US4590113A (en) * 1981-05-08 1986-05-20 Oscar Weil Gmbh & Co. Kg Fiber wool padding, and method of manufacturing same
US4751134A (en) * 1987-05-22 1988-06-14 Guardian Industries Corporation Non-woven fibrous product
US4847140A (en) * 1985-04-08 1989-07-11 Helmic, Inc. Nonwoven fibrous insulation material
US4851274A (en) * 1986-12-08 1989-07-25 Ozite Corporation Moldable fibrous composite and methods
WO1989008161A1 (en) * 1988-02-26 1989-09-08 Lenzing Aktiengesellschaft Difficultly flammable high-temperature resistant polyimide fibers and molded bodies made from these fibers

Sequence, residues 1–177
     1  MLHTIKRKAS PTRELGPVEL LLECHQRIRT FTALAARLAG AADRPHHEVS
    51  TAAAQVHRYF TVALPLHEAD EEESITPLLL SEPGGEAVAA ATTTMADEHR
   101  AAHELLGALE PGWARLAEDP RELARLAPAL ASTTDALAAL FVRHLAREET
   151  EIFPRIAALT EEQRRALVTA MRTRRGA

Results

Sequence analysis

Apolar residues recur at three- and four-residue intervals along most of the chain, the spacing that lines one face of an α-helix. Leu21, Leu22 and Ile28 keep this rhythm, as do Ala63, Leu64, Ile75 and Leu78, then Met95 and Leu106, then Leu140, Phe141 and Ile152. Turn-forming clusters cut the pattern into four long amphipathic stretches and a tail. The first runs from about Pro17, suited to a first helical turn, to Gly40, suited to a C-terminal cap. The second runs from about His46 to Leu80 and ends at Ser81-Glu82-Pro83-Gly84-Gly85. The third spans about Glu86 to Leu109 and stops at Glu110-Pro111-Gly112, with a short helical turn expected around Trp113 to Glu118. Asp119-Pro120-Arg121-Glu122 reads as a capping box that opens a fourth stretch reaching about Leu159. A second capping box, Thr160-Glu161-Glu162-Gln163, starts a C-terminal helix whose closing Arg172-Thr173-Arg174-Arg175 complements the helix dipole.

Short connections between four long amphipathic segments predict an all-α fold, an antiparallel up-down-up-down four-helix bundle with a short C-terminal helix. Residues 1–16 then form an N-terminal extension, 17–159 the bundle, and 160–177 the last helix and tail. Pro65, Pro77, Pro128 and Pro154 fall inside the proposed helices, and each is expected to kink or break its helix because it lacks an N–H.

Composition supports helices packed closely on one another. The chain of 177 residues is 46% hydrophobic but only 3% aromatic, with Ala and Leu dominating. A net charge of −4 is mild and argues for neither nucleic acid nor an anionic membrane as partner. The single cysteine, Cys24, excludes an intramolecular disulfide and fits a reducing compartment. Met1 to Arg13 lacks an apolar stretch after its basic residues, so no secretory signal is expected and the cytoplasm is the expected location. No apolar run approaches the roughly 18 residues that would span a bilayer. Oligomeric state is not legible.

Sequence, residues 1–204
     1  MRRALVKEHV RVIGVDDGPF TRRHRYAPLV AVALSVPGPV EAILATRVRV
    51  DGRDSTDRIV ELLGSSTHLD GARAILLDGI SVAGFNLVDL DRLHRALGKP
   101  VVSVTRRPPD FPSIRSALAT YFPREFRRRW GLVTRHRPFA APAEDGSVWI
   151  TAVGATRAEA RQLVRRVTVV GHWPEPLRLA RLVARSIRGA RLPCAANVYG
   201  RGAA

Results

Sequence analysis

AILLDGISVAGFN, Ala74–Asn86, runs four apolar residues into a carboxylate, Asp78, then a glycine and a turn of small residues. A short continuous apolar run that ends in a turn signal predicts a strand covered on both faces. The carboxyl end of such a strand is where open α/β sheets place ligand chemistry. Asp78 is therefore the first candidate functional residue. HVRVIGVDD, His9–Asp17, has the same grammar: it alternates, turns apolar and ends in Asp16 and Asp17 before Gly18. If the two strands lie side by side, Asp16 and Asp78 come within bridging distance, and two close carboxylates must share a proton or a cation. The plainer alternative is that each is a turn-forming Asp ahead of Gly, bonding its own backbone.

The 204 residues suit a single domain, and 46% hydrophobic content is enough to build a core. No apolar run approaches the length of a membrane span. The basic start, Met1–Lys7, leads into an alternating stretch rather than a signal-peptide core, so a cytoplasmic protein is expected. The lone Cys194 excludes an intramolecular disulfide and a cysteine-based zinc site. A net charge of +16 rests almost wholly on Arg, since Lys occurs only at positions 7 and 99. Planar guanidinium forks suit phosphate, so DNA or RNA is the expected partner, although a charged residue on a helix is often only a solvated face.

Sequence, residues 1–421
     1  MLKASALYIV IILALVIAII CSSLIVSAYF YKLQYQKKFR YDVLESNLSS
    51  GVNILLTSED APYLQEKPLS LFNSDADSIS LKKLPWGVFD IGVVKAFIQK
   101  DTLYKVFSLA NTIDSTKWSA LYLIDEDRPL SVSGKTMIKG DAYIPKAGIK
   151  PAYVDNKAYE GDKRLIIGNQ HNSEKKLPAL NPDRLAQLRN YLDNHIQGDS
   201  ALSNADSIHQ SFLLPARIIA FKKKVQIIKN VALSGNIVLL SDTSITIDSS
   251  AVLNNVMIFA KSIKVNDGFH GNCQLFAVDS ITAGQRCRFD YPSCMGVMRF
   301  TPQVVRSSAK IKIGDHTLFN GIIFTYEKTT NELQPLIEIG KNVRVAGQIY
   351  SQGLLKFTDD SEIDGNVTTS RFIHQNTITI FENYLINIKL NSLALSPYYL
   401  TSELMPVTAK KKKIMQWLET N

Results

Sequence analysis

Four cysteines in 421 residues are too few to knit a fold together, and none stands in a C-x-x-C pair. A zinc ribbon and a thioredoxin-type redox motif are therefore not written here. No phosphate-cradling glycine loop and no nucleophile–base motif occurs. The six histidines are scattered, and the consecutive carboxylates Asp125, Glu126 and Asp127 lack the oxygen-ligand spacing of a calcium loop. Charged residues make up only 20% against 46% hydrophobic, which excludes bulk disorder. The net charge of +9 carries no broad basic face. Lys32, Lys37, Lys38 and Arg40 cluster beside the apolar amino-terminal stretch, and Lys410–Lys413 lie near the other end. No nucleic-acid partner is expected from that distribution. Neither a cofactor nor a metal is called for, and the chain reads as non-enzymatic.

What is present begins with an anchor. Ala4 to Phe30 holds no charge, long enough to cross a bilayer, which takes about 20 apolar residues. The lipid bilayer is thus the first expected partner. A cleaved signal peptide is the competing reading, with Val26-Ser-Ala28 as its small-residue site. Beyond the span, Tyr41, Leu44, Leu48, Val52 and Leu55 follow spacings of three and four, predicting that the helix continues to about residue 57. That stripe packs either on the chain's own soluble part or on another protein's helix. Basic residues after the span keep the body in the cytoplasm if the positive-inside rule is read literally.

US4917943A (en) * 1987-01-12 1990-04-17 Tesch Guenter Fiber containing aggregate and process for its preparation
WO1990014457A1 (en) * 1989-05-17 1990-11-29 A. Ahlstrom Corporation Method of manufacturing a fiber reinforced plastics material and a plastics material produced by the method
US5047276A (en) * 1987-11-03 1991-09-10 Etablissements Les Fils D'auguste Chomarat Et Cie Multilayered textile complex based on fibrous webs having different characteristics
US5059378A (en) * 1990-02-22 1991-10-22 Albany International Corp. System for adapting heat shrinkable fibrous structures to particular uses
US5229184A (en) * 1988-04-14 1993-07-20 Albany International Corporation Heat shrinkable fibres and products therefrom
US5272000A (en) * 1987-05-22 1993-12-21 Guardian Industries Corp. Non-woven fibrous product containing natural fibers
US5458960A (en) * 1993-02-09 1995-10-17 Roctex Oy Ab Flexible base web for a construction covering